Spectroscopic Standards


Flux calibration in the IR

Calibration of spectroscopic data in the IR is a complicated procedure thatrequires care. In the optical, one uses spectrophotometric standards that have tabulated fluxes and wavelengths. In the IR, there are no such standards.There are some pseudo-standards, in the sense that tables of flux versus wavelength do exist for some stars. However the fluxes are either derived from models (for DA white dwarfs) or from a scaled version of the solar spectrum (for solar analogs). These standards are for space based missions and are not particularly useful in calibrating ground based data.

The most prominent feature in IR spectra are the telluric features of the Earth's Atmosphere. Unfortunately, some of the telluric lines do not scale linearly with airmass, so it is necessary to observe a star, which we willcall a telluric standard, at the same airmass and with the same instrument setup as those of the science target. This standard is divided directly into that of the science target. Ideally, the spectrum of the telluric standard should be known, so that features belonging to it can be removed. However, this is never the case, so one has to use standards in which the spectrum is approximately known.

As part of the ISAAC calibration plan, we use two types of telluricstandards, hot stars and solar analogs.

The spectra of hot stars, those hotter than B4, are relatively featureless and are well fitted by blackbody curves. So, by knowing the spectral type ofthe star, one uses a blackbody curve with the appropriate temperature to fit the continuum of the standard. The spectra of stars that are cooler than A have many more features and the continua are not well fitted by a blackbody curve for wavelengths below 1.6 microns. Fitting the spectra of these stars is more complicated; however, some astronomers use them to remove telluric features.

Unfortunately, hot stars, do contain some features, usually lines of hydrogen and helium, that that can be difficult to remove. If the region around the hydrogen and helium lines are of interest, then one can observe a late type star, which should have weak hydrogen and helium lines. This star is then used to correct for the helium and hydrogen absorption in the spectrum of the hot star. Some hot stars also have emission lines or are in dusty regions. These stars should be avoided. The V-I colour of the star can be usedas an indicator of dust. For stars hotter than A0, it should be negative. Andlastly, hot stars tend to lie near the galactic plane, so there may situations where there are no nearby hot stars.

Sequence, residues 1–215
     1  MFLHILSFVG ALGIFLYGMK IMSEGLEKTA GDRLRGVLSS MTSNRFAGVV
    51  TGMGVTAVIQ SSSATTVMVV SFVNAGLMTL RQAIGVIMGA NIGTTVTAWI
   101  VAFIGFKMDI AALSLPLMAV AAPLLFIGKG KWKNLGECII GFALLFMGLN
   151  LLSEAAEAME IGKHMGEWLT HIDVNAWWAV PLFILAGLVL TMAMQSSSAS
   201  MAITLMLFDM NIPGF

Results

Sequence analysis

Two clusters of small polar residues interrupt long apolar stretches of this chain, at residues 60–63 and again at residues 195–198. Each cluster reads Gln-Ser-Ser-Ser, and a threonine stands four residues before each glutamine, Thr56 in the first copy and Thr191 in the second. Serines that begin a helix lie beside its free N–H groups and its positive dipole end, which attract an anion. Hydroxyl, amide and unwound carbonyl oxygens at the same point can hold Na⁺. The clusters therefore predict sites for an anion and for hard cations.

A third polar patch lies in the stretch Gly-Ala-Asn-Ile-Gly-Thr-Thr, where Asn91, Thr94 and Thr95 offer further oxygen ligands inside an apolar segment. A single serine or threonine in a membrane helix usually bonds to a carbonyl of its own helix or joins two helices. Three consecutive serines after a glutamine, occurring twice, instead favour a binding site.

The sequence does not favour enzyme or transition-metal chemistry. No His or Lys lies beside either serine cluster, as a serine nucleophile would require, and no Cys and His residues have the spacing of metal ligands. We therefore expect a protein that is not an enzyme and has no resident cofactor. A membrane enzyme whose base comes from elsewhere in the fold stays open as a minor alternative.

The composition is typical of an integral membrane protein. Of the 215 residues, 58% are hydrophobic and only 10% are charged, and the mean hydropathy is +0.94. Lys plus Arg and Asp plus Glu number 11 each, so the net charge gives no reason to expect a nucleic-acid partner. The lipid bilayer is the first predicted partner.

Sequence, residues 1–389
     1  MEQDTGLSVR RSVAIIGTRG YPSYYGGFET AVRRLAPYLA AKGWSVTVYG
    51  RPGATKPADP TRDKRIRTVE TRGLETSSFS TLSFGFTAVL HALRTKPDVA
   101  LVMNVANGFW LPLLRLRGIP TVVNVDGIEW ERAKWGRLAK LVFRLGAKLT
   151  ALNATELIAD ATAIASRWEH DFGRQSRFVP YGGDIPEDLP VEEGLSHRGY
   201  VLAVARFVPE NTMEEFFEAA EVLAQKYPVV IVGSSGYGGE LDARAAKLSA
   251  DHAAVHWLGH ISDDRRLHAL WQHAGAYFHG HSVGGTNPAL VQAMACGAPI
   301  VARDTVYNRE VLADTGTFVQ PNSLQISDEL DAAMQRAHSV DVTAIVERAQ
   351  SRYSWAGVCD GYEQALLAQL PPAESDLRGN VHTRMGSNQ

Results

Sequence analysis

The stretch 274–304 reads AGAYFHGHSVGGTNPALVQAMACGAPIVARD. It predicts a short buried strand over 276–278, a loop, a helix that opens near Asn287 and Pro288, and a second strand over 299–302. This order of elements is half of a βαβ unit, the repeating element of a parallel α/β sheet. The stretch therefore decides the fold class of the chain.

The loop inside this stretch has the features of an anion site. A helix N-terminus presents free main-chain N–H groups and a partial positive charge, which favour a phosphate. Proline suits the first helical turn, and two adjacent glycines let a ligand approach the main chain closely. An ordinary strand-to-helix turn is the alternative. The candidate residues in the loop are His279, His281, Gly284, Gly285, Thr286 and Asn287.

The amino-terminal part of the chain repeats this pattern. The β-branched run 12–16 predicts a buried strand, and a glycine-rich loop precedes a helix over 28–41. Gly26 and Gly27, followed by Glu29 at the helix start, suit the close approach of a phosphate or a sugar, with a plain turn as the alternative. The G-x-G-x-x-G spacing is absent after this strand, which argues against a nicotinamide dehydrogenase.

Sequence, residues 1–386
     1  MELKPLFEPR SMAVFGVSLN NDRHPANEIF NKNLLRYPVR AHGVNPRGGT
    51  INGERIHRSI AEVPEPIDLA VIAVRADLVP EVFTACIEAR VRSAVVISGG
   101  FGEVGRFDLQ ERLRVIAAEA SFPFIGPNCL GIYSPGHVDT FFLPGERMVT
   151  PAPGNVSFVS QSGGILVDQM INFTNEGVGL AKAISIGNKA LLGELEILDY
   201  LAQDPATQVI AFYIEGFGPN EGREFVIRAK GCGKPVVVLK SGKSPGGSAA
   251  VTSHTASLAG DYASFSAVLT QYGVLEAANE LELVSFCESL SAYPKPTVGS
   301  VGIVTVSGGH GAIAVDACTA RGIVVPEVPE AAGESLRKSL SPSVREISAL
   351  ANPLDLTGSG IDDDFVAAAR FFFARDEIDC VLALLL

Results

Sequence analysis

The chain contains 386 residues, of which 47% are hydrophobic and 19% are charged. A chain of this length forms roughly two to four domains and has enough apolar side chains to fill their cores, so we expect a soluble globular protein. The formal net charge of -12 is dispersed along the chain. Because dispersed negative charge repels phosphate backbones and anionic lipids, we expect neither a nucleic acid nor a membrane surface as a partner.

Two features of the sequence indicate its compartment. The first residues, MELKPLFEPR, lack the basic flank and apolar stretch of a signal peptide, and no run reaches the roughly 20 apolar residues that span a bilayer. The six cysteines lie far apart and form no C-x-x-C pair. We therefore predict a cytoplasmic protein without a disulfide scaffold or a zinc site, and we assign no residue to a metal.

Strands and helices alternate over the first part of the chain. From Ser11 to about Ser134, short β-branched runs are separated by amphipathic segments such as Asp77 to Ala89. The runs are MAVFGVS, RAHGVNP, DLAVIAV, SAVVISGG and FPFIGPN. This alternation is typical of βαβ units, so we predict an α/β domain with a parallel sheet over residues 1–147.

Solar analogs are stars with spectral type G0V to G4V. These standards have many absorption lines in the IR, particularly in the J band. The features can be removed by dividing by the solar spectrum that has been degraded to the resolution of the observations. This can be very tricky with ISAAC as the spectral resolution is variable.

The final step of the calibration process is to set an absolute flux scale.The most common procedure is to use the broad band magnitudes of the target.The filter band passes are then convolved with the spectrum to determine the appropriate scaling factor.

Alternatively, one can use the standard, which is measured through both the 2" slit and the slit that was used for the science target, to set the absolute scale.

Lists of Telluric Standards

For SW spectroscopy the preferred source of telluric standards is the Hipparcos catalogue. These stars have V band magnitudes, V-I colours and spectral types. However only a minority have JHK magnitudes. This means that we have to infer the IR magnitudefrom the spectral type, which leads to uncertainties of 5-20% in the absolute flux calibration. If a more accurate flux calibration is required users should provide their own standards.

In the near future, we will provide a WEB based interface which browses the Hipparcos catalog for suitable stars. In the meantime, you can use SIMBAD to search for suitable stars or you can search the lists provided below.

Stars of the required magnitude can also be found in the list of Van der Bliek IR Standards. These stars have JHK magnitudes and spectral types. Some have L and M bandmagnitudes.